Wastewater Treatment

wastewater treatment plantEach year we treat seven to eight million cubic metres of wastewater at the New Plymouth Wastewater Treatment Plant. That is the equivalent of four billion two-litre milk bottles. 

 

New Plymouth Wastewater Treatment Plant

The New Plymouth Wastewater Treatment Plant was built in 1984 and is located in the eastern area of New Plymouth.

The plant takes raw sewage and trade wastes from New Plymouth City, Bell Block, Inglewood, Waitara and Oakura. It uses a biological treatment process known as activated sludge aeration to produce a high quality effluent. The clean effluent is discharged to the Tasman Sea via a 480m ocean outfall.

The quality of the water leaving the plant is one of the cleanest in New Zealand and well within the New Zealand standard for safe swimming and seafood gathering.

        

How does the wastewater process work?

  1. The sewerage pipe network conveys your discharged wastewater to the treatment plant or a pump station.
  2. Pump stations at Te Henui, Glen Avon, Waitara and Bell Block pump waste water to the plant.
  3. The waste passes through milliscreens, which are rotating drum screens with 3mm wide openings that remove plastic and other solids from the wastewater.
  4. The wastewater then passes through a grit trap basin where steady stirring causes grit to swirl to the centre and bottom of the basin. This grit is periodically removed, washed and removed for land disposal.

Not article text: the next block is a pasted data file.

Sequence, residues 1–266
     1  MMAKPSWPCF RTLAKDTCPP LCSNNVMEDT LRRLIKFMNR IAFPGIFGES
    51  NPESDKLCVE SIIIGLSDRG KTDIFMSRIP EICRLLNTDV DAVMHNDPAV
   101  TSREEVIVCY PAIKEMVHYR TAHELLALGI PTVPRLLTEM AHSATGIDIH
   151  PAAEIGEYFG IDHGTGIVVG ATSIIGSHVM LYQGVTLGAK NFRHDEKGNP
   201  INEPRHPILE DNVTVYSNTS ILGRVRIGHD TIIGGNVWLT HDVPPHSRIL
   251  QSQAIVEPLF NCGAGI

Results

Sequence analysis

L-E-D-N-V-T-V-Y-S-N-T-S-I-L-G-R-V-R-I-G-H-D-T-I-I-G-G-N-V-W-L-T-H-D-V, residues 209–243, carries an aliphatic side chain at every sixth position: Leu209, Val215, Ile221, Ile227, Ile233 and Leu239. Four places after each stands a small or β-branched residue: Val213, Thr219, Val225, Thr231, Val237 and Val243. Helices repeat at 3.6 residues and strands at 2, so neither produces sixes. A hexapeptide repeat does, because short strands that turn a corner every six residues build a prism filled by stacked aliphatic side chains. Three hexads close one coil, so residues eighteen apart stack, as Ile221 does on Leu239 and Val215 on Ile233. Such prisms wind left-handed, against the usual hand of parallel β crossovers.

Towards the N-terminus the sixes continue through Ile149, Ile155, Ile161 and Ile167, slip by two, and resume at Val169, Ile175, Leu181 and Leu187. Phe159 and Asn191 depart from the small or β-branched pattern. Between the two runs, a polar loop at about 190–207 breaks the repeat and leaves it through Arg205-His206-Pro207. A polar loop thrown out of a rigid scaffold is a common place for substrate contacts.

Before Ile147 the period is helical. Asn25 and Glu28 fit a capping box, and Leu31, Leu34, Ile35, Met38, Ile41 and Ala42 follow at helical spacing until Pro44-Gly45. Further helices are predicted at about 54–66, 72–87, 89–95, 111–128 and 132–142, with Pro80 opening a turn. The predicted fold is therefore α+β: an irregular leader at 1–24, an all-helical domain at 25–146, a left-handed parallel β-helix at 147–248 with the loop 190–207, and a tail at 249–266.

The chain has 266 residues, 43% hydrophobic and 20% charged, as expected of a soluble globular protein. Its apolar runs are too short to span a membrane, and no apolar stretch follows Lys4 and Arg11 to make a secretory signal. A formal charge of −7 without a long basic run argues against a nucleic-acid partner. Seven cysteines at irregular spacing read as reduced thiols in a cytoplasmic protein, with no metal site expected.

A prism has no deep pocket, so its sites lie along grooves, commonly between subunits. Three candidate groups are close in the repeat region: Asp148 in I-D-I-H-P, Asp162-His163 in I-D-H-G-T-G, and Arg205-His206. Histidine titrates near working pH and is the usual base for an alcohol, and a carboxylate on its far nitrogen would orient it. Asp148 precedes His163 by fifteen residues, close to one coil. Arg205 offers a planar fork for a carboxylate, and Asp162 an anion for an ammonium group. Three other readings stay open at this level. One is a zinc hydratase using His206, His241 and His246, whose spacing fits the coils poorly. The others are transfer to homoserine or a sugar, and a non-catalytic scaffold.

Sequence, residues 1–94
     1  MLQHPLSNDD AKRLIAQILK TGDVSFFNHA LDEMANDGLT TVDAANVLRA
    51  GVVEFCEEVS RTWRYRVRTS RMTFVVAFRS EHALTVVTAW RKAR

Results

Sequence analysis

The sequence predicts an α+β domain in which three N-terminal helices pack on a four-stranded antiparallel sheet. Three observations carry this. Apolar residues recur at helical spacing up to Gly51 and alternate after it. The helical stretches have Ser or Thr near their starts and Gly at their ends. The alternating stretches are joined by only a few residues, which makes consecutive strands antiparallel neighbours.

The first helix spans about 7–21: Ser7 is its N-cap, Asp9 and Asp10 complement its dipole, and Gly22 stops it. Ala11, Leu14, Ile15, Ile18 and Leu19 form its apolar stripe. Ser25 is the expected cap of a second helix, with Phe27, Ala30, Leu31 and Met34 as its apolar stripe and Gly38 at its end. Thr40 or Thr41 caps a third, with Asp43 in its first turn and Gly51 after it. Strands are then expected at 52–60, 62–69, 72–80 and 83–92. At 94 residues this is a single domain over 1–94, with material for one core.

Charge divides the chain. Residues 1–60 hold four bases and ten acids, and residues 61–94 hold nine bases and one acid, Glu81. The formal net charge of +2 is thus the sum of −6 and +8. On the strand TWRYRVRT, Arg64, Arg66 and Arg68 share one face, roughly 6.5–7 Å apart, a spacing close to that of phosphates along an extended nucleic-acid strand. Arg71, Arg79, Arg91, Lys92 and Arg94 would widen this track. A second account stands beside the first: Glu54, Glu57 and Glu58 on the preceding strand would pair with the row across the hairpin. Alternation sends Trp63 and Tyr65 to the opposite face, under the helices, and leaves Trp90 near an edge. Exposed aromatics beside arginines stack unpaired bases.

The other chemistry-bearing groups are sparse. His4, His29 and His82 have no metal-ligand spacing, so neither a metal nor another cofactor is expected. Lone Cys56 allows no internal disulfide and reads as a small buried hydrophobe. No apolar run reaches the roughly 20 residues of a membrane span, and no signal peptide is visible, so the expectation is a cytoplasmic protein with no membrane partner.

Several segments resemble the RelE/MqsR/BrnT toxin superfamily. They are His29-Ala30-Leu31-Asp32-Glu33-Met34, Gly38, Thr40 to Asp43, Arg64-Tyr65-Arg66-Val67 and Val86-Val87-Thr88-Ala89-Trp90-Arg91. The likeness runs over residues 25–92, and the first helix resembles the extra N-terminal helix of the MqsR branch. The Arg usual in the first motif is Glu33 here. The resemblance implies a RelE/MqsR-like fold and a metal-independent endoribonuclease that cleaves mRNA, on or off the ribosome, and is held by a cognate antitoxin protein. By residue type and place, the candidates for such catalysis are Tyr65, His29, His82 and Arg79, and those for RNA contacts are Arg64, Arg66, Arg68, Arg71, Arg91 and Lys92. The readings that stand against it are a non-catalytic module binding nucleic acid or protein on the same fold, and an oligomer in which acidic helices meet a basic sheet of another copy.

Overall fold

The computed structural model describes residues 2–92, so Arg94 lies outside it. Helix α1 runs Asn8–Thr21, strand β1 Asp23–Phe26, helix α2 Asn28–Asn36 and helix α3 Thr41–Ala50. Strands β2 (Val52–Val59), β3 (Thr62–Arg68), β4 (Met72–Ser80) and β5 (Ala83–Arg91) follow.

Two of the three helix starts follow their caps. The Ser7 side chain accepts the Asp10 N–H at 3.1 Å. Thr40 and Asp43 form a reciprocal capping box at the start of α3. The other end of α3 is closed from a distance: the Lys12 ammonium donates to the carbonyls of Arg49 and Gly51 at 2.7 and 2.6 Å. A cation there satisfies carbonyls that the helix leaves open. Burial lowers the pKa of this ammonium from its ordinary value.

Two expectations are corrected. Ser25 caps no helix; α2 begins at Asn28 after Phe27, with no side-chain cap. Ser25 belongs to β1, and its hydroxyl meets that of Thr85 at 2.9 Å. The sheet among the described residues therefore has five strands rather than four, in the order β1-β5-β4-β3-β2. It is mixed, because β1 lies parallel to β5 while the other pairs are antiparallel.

5. The wastewater then passes into two aeration basins where micro-organisms, collectively called “activated sludge” feed on the organic waste in the waste water. Pathogens (disease-causing organisms) and contaminants from the wastewater stick to the activated sludge ready for removal. Each basin has six large aerators which keep the basin contents mixed and provide the oxygen necessary for the activated sludge organisms to live, feed and multiply.
  6. Three clarifiers separate the activated sludge from the water. The clusters of activated sludge settle to the bottom of the clarifiers and are drawn off to return to the sludge pump station. Most of the sludge is returned to the aeration basins to maintain the biological levels, while surplus is diverted to the sludge de-watering plant and undergoes three stages of thickening followed by thermal drying to turn them into a biosolids fertiliser called  Bioboost.
  7. The clarified water receives a small dose of sodium hypochlorite prior to the chlorine contact tank to kill any remaining pathogens.
  8. The clean water is then piped to the marine outfall located 1km north of the plant, which diffuses the discharged water with sea water as it is released into the open sea.

  Diagram showing the Wastewater Treatment Plant's processes

 

Bioboost

Bioboost is an organic, slow-release, granular fertiliser suitable for general garden use - both residential and commercial.

It is produced from heat-dried biosolids at New Plymouth’s Wastewater Treatment Plant.

Visit the Bioboost website to find out how it is made, how to use it and where to buy it from.

For technical issues or enquiries please contact David Tong from Bioboost Ltd on 027 445 8218 or contact us on 06-759 6060. 

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